Most tests in school are content-based: vocabulary memorization, chapter reviews, math problem sets, comprehensive exams, etc.
After years of content-based tests, students learn how to memorize facts and regurgitate them on an exam. Students develop keen ways of cramming content the night before in order to succeed on a test.
Content learning is a useful skill in school, for now. Education is undergoing a massive shift as content is simply a search engine or finger swipe away. Students in the future will likely not have to memorize as much. Instead, they will be faced with the process of learning.
One such learning process is how to succeed on the SAT or ACT.
On the surface, the SAT and ACT tests look like content-based tests. But dig deeper and find that both tests assess a student’s ability to process more than a student’s ability to memorize.
For example, the reading tested on the test is about comprehension, not knowledge. Test makers select reading passages that will challenge students to process how a writer uses evidence, states an argument, persuades an audience or tells a story. A student cannot memorize the passage the night before.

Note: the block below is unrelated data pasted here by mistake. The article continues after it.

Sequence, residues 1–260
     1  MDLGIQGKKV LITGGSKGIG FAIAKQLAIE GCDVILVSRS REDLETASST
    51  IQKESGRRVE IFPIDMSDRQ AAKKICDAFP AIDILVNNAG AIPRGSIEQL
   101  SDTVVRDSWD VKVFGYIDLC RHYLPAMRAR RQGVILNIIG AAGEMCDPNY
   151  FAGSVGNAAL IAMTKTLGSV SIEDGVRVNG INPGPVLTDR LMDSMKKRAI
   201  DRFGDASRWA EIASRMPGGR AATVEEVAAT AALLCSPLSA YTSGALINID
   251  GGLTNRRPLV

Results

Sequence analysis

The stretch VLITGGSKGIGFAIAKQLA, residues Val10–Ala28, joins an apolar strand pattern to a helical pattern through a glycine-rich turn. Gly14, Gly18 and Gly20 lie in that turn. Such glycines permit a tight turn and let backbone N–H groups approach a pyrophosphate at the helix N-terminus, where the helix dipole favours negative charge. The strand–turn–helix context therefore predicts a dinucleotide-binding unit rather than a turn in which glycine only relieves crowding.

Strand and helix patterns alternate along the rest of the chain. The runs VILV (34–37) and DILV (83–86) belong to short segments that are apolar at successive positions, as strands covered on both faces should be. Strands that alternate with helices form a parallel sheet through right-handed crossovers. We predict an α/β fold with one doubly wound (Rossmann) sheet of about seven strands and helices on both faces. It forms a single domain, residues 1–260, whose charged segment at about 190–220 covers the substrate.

Even math, though seemingly content-based, assesses the process of getting through a litany of different math problems in a defined set of time. Memorizing math content might help here, but it is more about the process of navigating algebra, geometry, word problems, trigonometry and more. Math is a mash up of content which means the process is more important.
So if the SAT and ACT are more process-based than content-based, how do you perform better?
Simply embrace the process.
Consider a group class like CROSSWALK’s upcoming Winter Test Prep Series.
Above all, approach the SAT and ACT with the process in mind. These are not tests based on strict content memorization. These are tests that take trial and error.
Start your process today by contacting CROSSWALK, the Monterey Peninsula’s local resource for test prep and academic tutoring.